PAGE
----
"This study provides new answers about what's transpiring in the immune system during pregnancy, which will help identify women at high PTB risk," says Dr. Girard. "It also gives us crucial information about novel therapeutic strategies targeting inflammation in PTB."

Study perspectives

Dr. Girard indicates she has studied thousands of placentas so far in her career, a unique field with few researchers dedicated to reproductive immunology in North America.

She says during the study, a research nurse carefully approached pregnant women arriving at the hospital regarding study participation, ensuring that the needs of the patient were addressed prior to any mention of research.

"It's important to collect and analyze this data," says Dr. Girard. "But at the same time, we want these women and their babies to be doing as well as possible in the circumstances. Their pregnancies already put these women in a stressful position. We didn't want to add stress to the situation."

The findings of this study on inflammation in PTB are crucial due to potential consequences for the short- and long-term health of infants born prior to 37 weeks.

"We want infants born preterm to develop as well as possible," says Dr. Girard. "Unfortunately, there are major differences in implication between PTB infants and those born at term. Multiple potential effects may arise from an infant missing the final weeks in utero. PTB especially affects the lungs and brain. An infant may have brain injury or developmental delay with preterm birth, which might be detected only later during development."

The increased inflammation and additional lesions discovered in the placenta of pregnancies with PTB compared with those at term are meaningful for placental status.

"This means the placenta is not functioning well," says Dr. Girard. "Since the placenta delivers nutrition from the mom to the baby, if lesions are present, the transfer might not be optimal. If the placenta is not working properly, it has a tremendous impact on the baby. In some cases, an infant's growth may be sufficient despite this."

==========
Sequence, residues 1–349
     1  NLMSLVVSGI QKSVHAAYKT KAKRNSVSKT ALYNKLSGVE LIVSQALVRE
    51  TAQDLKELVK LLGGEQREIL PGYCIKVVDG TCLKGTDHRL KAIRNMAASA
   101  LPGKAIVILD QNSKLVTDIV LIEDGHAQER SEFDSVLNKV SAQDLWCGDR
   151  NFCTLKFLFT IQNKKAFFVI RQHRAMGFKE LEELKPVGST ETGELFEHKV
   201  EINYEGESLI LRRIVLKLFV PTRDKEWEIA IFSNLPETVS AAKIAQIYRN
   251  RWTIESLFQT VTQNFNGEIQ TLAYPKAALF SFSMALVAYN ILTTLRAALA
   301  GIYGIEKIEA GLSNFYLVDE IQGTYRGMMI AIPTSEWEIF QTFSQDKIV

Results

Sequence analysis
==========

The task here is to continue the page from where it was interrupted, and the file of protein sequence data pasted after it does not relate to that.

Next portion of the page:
Treatment implications

Given the inflammatory results found in the placentas of women who delivered preterm, Dr. Girard hopes to utilize placentas to identify fetuses at high risk and factors that require preterm infant medical attention.

"The challenge is: Which infants born preterm do you treat?" says Dr. Girard. "Everyone?"

Dr. Girard and her team found that although maternal changes occur during pregnancy, the overall number of changes — particularly in the mother's circulation — were not as important as anticipated, surprising the research team.

However, significant maternal-fetal interface changes occur in PTB, especially in the fetal membrane and placenta; thus, this interface is an appropriate PTB target.

Dr. Girard is excited about the increasing value discovered in the study of the placenta. She says looking at placentas is easy and could be a means to identify infants at high risk of developmental abnormalities early after delivery.

She also strongly feels physicians who care for infants as they grow could benefit from receiving key placental information about their patients.

"There's a lot more value in looking at the placenta than we thought," she says.

PTB prevention

Dr. Girard says women who deliver PTB infants tend to question themselves, saying, "What did I do wrong?"

She indicates there is not necessarily any bodily abnormality in the mother or anything the mother did wrong to lead to a PTB.

Further research

While satisfied with the data gained in the study, Dr. Girard says the number of participants included was low. Now, her team studies over 250 placentas, via analysis and categorization into subtypes.

She indicates a finding that PTB babies have less progesterone than those delivered at term has led to further studies into this hormone's role in PTB, particularly in abnormal inflammation. Dr. Girard says studies on the maternal-fetal interface are ongoing at Mayo Clinic.

PTB-related referrals

According to Dr. Girard, physicians should consider referral for patients who were born prematurely or who delivered a preterm baby.

For more information

Couture C, et al. Proinflammatory changes in the maternal circulation, maternal-fetal interface, and placental transcriptome in preterm birth. American Journal of Obstetrics and Gynecology. In press.

Refer a patient to Mayo Clinic.